THE BLOG

Refugees Welcome Here

22/03/2016 10:03 GMT | Updated 22/03/2017 09:12 GMT

As tens of thousands of people in London and other British and continental European cities marched this past weekend in support of welcoming refugees, the question remains: "Are we really willing to take them in?"

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An estimated 15,000 people from all over the UK, including refugees from countries torn apart by war and other conflicts around the world, marched to Trafalgar Square in London on Saturday. Demonstrations also took place in Belfast, Edinburgh Glasgow, Cardiff, Brighton, and other cities and towns. Notably, tens of thousands gathered in Denmark in support of the refugees.

But not everyone on the streets of London was in favour. Britain First occupied the steps of the Eros statue in Piccadilly Circus, raising Union Jack flags and mysteriously-worded posters proclaiming: "Veterans before Migrants". Surrounded by a substantial police guard, they numberered fewer than a hundred. That's roughly one to every 150 people calling for a more welcoming policy towards refugees.

Repudating the failure of European states

The far larger number of pro-refugee activists on the streets than in some previous demonstrations, is further evidence of continuing public concern, repudiating the failure of European states to respond adequately to the thousands of men, women and children fleeing wars and devastation.

Reports from Denmark say tens of thousands were on the streets, rising up against the decision of their parliament which two months ago passed legislation designed to deter refugees from entering the country. The legislation - widely condemned by international campaigners -- allowed police to seize refugees' assets.

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In the UK, the refugee campaign, #refugeeswelcome, reports that 1,403,691 people have signed on to back their efforts, 620 local campaigns are underway and more than 700 landlords up and down the country have offered properties.

That is in addition to more than 40 local councils who have offered sanctuary to refugees fleeing from the fighting in Syria. Six months ago, David Simmonds of the Local Government Association's asylum, refugee and migrant task force said councils in England were already supporting 2,000 unaccompanied refugee children at a cost of £50,000-a-year for each child.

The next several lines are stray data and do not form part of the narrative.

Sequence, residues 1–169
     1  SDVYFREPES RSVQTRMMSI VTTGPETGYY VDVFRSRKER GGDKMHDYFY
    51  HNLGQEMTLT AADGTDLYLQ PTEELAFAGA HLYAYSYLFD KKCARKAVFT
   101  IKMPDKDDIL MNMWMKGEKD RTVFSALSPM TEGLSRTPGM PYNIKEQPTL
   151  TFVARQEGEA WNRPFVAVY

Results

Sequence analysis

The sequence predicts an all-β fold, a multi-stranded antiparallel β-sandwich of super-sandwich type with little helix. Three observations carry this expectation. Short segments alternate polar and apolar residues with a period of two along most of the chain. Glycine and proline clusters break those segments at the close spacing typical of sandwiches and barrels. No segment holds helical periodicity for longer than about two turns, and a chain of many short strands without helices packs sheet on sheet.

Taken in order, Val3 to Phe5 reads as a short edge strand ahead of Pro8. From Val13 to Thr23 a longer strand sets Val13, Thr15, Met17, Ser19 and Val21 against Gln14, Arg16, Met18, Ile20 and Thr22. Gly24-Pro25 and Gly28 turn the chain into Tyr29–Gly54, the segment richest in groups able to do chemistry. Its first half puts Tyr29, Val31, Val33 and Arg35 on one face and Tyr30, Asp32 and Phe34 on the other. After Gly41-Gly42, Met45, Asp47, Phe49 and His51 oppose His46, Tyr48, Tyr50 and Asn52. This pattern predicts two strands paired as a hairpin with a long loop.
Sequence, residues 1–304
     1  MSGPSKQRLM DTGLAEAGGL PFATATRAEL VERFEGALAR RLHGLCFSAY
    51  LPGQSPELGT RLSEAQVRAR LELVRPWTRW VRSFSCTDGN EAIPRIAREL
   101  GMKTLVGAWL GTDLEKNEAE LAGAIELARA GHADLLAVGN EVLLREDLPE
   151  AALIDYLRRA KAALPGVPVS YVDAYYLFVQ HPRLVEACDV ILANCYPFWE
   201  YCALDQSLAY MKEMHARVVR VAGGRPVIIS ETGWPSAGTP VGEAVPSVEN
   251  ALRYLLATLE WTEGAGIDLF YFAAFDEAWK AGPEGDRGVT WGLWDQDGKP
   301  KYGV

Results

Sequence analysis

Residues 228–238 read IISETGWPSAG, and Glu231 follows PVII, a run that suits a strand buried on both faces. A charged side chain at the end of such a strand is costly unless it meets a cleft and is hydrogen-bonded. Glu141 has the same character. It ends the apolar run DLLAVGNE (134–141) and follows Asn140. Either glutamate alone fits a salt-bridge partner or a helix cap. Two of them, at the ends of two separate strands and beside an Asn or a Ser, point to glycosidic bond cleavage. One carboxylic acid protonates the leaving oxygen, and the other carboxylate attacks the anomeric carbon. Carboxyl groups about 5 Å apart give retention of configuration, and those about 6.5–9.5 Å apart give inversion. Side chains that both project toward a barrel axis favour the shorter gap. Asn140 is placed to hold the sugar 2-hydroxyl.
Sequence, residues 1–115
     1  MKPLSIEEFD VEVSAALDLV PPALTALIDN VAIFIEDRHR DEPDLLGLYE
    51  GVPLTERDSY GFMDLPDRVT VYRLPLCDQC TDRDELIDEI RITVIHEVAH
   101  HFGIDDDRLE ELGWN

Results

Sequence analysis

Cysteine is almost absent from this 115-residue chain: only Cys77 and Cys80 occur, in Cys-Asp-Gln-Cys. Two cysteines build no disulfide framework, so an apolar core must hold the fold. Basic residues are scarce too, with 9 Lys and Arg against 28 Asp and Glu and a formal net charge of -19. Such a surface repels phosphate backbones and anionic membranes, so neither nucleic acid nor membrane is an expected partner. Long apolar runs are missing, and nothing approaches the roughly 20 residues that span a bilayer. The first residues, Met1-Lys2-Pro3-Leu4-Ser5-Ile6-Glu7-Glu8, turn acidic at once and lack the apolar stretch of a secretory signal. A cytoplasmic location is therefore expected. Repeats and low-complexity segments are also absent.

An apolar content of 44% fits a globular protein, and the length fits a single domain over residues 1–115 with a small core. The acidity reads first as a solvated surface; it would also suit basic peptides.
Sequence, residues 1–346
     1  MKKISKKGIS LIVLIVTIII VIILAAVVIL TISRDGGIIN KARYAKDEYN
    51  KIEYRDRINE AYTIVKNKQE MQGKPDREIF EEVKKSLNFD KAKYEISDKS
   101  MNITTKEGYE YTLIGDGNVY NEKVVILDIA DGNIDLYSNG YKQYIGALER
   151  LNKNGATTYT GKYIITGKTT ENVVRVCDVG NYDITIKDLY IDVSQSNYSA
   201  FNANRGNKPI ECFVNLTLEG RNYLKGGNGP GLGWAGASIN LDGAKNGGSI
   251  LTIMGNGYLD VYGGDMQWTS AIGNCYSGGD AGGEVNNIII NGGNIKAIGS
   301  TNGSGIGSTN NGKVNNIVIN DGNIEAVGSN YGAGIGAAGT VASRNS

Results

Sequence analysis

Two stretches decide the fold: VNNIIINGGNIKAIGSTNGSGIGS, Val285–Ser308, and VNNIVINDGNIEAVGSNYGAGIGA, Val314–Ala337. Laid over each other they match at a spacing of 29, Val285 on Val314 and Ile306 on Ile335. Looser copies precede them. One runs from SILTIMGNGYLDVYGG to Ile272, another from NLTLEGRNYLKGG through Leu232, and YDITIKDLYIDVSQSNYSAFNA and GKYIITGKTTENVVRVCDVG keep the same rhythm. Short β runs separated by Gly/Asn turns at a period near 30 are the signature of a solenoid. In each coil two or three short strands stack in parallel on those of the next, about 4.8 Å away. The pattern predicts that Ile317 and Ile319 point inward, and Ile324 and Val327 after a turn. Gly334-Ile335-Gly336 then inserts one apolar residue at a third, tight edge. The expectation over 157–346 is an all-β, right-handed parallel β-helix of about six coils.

Half a nation's people driven from their homes

With the war in Syria now in its fifth year, even if current international efforts at a limited ceasefire succeed, around half of the country's population of 22 million have been driven from their homes and a quarter of a million are estimated to have been killed.

"Unless something big is done to resolve this conflict through political means, the human train that has started moving out of Syria and the neighbourhood will continue to be running for many months to come," Facoub El Hillo, the UN resident and humanitarian coordinator in Syria, told Reuters.

The evidence of public willingness to offer sanctuary and support to those fleeing the carnage continues to mount. This is inspite of reports in mainstream media of nationalistic, exclusionist political movements like the Front National in France and Pegida (Patriotic Europeans Against the Islamisation of the West) in Germany.

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Over the same weekend that thousands marched in London, the BBC's farming programme, Countryfile, profiled an East Anglian farm - part of the Care Farming UK organization - that is offering therapeutic support to refugees.

The farm's Director Doeke Dobma invites those who have fled war to spend time working together on the land. "My mum had horrendous experiences during the Second World War," he said. "As a small person, born here, the least we can do is offer and show compassion."

Among those interviewed on the programme during its visit to the farm was a refugee from Kurdistan. Asked why he left, he said, "Every single night there were people shooting. People missing, people kidnapped. That's why I came here."

Care Farming also provides the support to local people. Among them, on Sunday's broadcast, was Malcolm who suffers from dementia and has been coming to the farm for six years.

"What about these refugees you are working with now?" he was asked. "What do you think about that?"

"Good idea," he said, "putting them on the farm. It can bring them back to life."

Then he turned to those who would keep the nation's doors closed to refugees. "Those people who say they shouldn't be here - I don't think they live in the real world. They don't know what it's like to be in a war torn country. I think this is a brilliant idea."